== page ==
The term organizational development (OD) is used in the brand strategy field to refer to continuous and premeditated changes or developments made within organizations, usually with the intention to enhance quality of life at the workplace, and subsequent productivity of the people at the workplace, by helping the brand edge closer to serving its purpose.. The process of OD is regarded as continuous, deliberate, systematic, organized, and collaborative, and involves principles and practices of behavioral science and organization theory.

Common techniques for implementing organizational development

The main objective of organizational development is to improve personal, interpersonal and organizational skills within a workplace to enable increased self and team productivity. Some of the techniques used to implement OD can be classified into 3 classes as illustrated below:

  1. Behavioral Techniques: techniques implemented to influence personal and interpersonal skills through behavioral training to encourage or discourage certain behaviors within the workplace. These technique often include:
    • Sensitivity Training : Sensitivity training focuses on making employees aware of their attitudes and behavior toward others, to be respectful and communicate effectively. In this technique, T-groups are comprised of ten to fifteen participants who are gathered in a free and open environment, away from work places, and encouraged to discuss themselves freely, with the guidance of a facilitator. Such sessions have no formal agenda, and the facilitator is not a trainer, but the person who opens and moderates the floor to encourage participants to open up. This technique helps to foster diversity and inclusion, empathy, listening skills, openness, and accommodation, better conflict resolution skills. See one of our past diversity training workshop here.
    • Role Playing : Role playing can simply be defined as getting into someone else’s shoes in order to see something from their point of view. This helps to dilute bias and misconceptions as one can be able to understand why things happen to others the way they do with firsthand experience from the other party’s point of view and prevailing circumstances.
    • Management by Objectives : MBO refers to a process in which an organization’s objectives are made in such a way that they are agreed to by both management and employees, with the aim of improving employees’ participation, motivation, commitment and overall business productivity. Some of the key elements of MBO include effective planning and goal setting by top management, encouraging employees to set and align personal goals to organizational goals and regular monitoring and review  of performance vis-a-vis predetermined objectives. Additionally, employees are granted autonomy to choose the best means of achieving goals.
    • Grid Organization Development : Grid OD proposes that there exist two paradigms of leadership which are concern for people and concern for results. Concern for people refers to the being aware of social and interpersonal concern of other people within a workplace, while concern for results involves issues of quality, quantity and overall effectiveness at the workplace. The process has 6 steps including setting organizational goals, achieving the goal, stabilizing after achievement, training, team development and finally intergroup development.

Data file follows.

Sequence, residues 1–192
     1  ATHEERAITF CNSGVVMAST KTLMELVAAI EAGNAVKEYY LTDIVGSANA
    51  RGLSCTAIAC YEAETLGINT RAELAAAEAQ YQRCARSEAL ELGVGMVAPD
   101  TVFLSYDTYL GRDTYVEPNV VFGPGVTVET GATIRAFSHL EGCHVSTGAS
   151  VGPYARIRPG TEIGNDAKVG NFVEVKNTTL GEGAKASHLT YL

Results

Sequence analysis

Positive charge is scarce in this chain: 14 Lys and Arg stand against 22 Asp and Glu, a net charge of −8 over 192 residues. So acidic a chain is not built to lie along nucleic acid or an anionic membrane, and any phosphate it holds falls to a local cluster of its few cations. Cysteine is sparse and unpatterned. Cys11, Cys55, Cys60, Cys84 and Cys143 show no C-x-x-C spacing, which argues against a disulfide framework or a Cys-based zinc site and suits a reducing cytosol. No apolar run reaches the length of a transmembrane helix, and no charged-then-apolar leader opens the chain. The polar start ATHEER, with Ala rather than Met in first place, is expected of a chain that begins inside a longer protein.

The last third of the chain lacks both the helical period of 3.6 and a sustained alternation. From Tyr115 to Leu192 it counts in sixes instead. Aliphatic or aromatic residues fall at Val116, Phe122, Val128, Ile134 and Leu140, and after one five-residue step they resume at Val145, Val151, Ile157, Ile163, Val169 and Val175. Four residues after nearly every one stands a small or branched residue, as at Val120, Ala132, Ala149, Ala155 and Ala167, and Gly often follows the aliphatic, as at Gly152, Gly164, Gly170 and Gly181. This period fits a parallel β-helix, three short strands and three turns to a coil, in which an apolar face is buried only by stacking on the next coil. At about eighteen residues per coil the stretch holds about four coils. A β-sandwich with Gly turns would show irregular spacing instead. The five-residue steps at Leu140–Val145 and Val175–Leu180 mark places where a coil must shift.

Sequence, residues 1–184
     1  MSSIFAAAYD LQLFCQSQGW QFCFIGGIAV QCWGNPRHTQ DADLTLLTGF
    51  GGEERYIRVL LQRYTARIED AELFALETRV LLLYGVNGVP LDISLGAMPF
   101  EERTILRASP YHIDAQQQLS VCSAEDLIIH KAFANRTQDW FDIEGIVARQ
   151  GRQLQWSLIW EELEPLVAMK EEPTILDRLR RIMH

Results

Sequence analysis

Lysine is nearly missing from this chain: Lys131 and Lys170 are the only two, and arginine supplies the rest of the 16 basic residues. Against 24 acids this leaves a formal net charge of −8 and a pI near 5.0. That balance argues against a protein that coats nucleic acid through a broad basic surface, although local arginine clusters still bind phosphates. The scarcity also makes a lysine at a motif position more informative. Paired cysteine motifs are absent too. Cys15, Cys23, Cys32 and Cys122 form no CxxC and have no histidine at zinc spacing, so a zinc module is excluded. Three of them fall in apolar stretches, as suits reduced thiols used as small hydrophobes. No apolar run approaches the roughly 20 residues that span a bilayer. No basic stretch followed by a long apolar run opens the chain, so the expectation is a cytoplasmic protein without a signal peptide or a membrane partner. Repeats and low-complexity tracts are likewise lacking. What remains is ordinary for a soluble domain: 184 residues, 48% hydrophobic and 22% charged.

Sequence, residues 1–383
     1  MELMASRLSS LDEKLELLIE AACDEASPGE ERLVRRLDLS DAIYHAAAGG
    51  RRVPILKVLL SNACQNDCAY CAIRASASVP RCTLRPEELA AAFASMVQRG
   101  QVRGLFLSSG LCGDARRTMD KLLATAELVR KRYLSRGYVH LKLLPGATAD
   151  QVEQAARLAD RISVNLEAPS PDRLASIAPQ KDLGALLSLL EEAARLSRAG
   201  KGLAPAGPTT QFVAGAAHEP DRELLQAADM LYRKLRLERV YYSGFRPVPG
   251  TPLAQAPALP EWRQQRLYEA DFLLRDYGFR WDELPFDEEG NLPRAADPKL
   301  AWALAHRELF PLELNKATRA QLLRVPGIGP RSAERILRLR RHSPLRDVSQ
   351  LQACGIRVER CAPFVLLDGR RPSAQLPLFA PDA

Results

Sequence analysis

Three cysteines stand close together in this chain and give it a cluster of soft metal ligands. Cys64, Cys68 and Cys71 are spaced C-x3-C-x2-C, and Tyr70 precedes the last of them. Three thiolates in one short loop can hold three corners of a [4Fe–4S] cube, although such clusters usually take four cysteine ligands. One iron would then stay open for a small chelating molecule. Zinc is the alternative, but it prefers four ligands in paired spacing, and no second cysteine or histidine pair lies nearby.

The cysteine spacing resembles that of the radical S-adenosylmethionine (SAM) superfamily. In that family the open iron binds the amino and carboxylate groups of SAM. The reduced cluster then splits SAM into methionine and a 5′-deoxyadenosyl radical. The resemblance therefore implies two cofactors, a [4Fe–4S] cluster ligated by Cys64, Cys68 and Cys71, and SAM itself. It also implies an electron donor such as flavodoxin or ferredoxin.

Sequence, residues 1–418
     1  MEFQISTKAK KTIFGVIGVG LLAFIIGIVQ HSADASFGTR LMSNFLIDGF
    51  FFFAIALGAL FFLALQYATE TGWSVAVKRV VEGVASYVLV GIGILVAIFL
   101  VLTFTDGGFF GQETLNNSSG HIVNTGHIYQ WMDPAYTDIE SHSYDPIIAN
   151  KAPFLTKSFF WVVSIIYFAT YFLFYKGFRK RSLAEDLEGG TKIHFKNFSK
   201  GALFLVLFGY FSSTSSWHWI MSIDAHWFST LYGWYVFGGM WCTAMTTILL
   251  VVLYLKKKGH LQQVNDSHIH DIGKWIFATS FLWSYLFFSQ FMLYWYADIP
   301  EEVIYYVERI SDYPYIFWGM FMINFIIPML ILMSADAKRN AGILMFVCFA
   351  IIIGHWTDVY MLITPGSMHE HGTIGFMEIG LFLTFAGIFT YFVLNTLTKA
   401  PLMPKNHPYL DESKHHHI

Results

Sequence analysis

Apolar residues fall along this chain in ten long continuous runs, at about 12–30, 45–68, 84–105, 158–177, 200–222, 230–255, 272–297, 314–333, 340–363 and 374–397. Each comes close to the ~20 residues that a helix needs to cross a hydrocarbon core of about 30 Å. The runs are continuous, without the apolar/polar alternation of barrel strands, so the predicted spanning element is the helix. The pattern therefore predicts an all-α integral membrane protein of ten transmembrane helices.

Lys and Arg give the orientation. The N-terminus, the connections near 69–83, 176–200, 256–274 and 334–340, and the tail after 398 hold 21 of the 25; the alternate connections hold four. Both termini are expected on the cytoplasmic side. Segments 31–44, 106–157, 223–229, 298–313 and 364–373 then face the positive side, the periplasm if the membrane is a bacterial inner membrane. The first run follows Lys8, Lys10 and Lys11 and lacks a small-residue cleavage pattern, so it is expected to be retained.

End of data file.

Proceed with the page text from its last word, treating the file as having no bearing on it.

1. Non-Behavioral Techniques: techniques implemented to influence personal and interpersonal skills through means other than behavioral training. These techniques tend to be a little structured, and include:
    • Changes in organization structure : This refers to changes in the flow of authority within a workplace which may often introduce or scrap some offices within the workplace, in order to make leadership more efficient.
    • Work (re)design : This refers to analyzing and redistributing roles within a workplace in order to help make leadership seamless, and ensure human capital is utilized efficiently. This process regards jobs in terms of tasks, behaviors, education, skills, relationships, and responsibilities required to carry out tasks.
    • Job enrichment : This refers to increasing the nature and scope of a job to make it more enjoyable and challenging, reduce its boredom and repetition. 
  1. Other Techniques : techniques other than the two discussed above, and may include:
    • Survey feedback : This process involves two steps which are rolling out questionnaires to collect data about the organization, and conducting feedback meetings and workshops to present the data to relevant stakeholders.
    • Process consultation : Involves hiring an external consultant to diagnose critical issues within a workplace by helping managers understand the workplace dynamics and become a better leader. Some of the critical issues addressed include communication, functional roles of members, group problem-solving and decision-making; group norms and growth, leadership and authority, and intergroup cooperation and competition. This technique involves setting a meeting agenda, updating an organization on its status, conduction coaching and finally structural changes are made.
    • Team building : This refers to the training of teams to enhance their capability to accommodate each other and work in such a way that they are highly productive. This technique requires a facilitator who first observes the behavior of a team ten advises them on how best to increase their productivity.

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